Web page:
After the Festival figure had been completed, Moore wished to do some lead castings, but they ran into technical difficulties with such large castings, in particular enlargements of six-inch models of the Helmet head. He wanted to make 15-18 inch high castings.
Moore encouraged Ingham to go to a foundry to see how it was done there, "a well-kept secret as it was a skilled trade " and Ingham did so. He was able to design a special kiln for the moulds and other devices to overcome the technical difficulties of large-scale casting.
Having mastered the casting of large pieces with lead, Ingham was able then to apply the same principles to bronze casting for Moore.
Ingham says "The worst part of the result was that every cast was successful, and thus I was condemned to become a sculptor/caster for the rest of my life. Bronze casting is slow and laborious and cuts down on your production of sculpture. My first advice to anyone who asks me how to do bronze casting is to tell them to have somebody else do it."
During the years at Moore’s, the main works completed were the Festival "Reclining Figure", "King and Queen", the Bond St Time Life carvings and the "Helmet" series.
Those were happy years, but finally Ingham felt that as Moore became more celebrated, working for him became less satisfying. "I began to feel like an automaton, churning out another person’s work."
Ingham had been away from New Zealand for 8 years by this time, and his mother was not well, so he decided " with considerable regret " to leave.
Not long after his return to New Zealand, Ingham married Ann. She had been in Europe at the same time as he had and the relationship between them had continued to develop. They married on Boxing Day, 1954.
Ingham says "It was obvious there wasn’t much for a sculptor to do in Christchurch", so the Inghams settled just out of Auckland, Alan built a somewhat primitive foundry with a kiln and set up business as a bronze founder and sculptor (among other commissioned work was a stone carving for Takapuna Library in Auckland). Ann worked as a saleswoman and model for a city department store.
The move to Australia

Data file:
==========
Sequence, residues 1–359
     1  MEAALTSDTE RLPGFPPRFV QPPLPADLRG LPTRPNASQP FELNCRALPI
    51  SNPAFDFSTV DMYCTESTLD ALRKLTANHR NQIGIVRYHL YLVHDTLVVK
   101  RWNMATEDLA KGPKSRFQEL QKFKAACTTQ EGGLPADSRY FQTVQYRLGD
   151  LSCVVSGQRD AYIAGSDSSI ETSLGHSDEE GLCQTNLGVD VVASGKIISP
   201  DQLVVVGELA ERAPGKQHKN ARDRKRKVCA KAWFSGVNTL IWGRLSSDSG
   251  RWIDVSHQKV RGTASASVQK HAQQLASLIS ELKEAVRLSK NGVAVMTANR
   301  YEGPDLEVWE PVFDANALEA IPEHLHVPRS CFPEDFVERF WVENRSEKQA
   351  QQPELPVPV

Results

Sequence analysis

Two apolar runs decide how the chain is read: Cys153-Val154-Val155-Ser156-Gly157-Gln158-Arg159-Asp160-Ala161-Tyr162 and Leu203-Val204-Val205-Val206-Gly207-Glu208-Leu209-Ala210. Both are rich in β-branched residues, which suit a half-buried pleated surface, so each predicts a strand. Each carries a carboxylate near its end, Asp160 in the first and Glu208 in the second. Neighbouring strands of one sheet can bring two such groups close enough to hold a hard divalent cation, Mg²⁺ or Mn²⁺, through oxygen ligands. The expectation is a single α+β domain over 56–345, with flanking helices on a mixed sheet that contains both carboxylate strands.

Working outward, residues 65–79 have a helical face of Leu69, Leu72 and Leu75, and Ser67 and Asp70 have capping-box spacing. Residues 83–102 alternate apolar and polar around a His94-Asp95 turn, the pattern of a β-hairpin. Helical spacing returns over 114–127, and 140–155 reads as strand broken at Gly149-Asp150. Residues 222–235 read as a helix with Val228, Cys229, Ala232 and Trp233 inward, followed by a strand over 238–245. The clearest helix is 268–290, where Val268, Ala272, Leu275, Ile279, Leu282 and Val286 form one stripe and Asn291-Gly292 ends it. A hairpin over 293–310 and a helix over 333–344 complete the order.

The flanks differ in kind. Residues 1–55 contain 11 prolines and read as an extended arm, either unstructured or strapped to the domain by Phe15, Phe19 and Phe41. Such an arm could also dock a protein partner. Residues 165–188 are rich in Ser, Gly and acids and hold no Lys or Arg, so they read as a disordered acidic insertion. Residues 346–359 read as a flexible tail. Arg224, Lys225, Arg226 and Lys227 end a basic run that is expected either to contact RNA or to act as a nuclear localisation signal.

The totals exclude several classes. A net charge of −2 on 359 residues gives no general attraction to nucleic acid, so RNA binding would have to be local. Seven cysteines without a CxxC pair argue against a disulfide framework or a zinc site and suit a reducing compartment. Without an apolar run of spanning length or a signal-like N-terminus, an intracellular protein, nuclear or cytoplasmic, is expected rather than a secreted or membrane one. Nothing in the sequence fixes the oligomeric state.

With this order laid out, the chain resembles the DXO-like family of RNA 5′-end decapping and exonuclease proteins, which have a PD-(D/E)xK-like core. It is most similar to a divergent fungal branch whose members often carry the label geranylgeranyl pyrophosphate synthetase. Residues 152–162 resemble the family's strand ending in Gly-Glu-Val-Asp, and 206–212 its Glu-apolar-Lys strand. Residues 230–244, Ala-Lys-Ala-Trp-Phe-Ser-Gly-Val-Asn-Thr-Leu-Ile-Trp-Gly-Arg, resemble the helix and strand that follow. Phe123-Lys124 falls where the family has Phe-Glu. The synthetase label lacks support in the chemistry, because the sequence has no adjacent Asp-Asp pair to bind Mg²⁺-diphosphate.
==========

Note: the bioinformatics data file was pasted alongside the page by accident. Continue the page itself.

The following year Ingham received a letter from the Australian sculptor Tom Bass requesting him to carry out a large wall mural relief designed by Douglas Annand and Tom Bass for the University of Melbourne (Wilson Hall). The Inghams moved to Australia and in 1956 settled in Sydney.
For the rest of Ingham’s life he lived and worked in Newport, on Sydney’s northern beaches. He established a studio foundry there along the lines of the one he had established with Henry Moore and had a lot of work casting in bronze for other sculptors. He also carried out many commissions "private and corporate" of his own work, as well as doing non-commissioned works.
Ingham taught part-time at the University of New South Wales (Schools of Architecture and Industrial Design); East Sydney Technical College (Art Department); Alexander Mackie College, Seaforth Technical College, and gave private studio classes.
Anna and Alan had three daughters, Jane, Kate and Anna. At Newport they were part of a lively social group of artists and intellectuals.
Sculpture at that time did not have a high profile in Australia. Abstract sculpture in particular was misunderstood and unvalued. Ingham remembers: "There was no public for sculpture, no audience, no collectors. Painters were being publicized and sought after, but sculpture took a back seat."
For two years he was president of the Sydney Sculpture Society. During his tenure, the Society held an exhibition of fountains at the David Jones Exhibition Room, as a result of which several new fountains in Sydney were commissioned.
In 1982 Ingham was commissioned to make the Winfield Cup and the Giltinan Shield, awarded to the team winning the NSW Rugby League Premiership. He did so, selling the copyright to Rothmans and giving them the three copies. In 1993 he was quoted as saying: "I have felt guilty about the Winfield Cup as the years go by. The public links the trophy with smoking. I’m anti-smoking and I don’t want to have anything more to do with it."
In 1989 Alan Ingham was diagnosed with prostate cancer. After treatment he enjoyed a remission of several years, but the cancer returned in 1993. He died on March 13, 1994.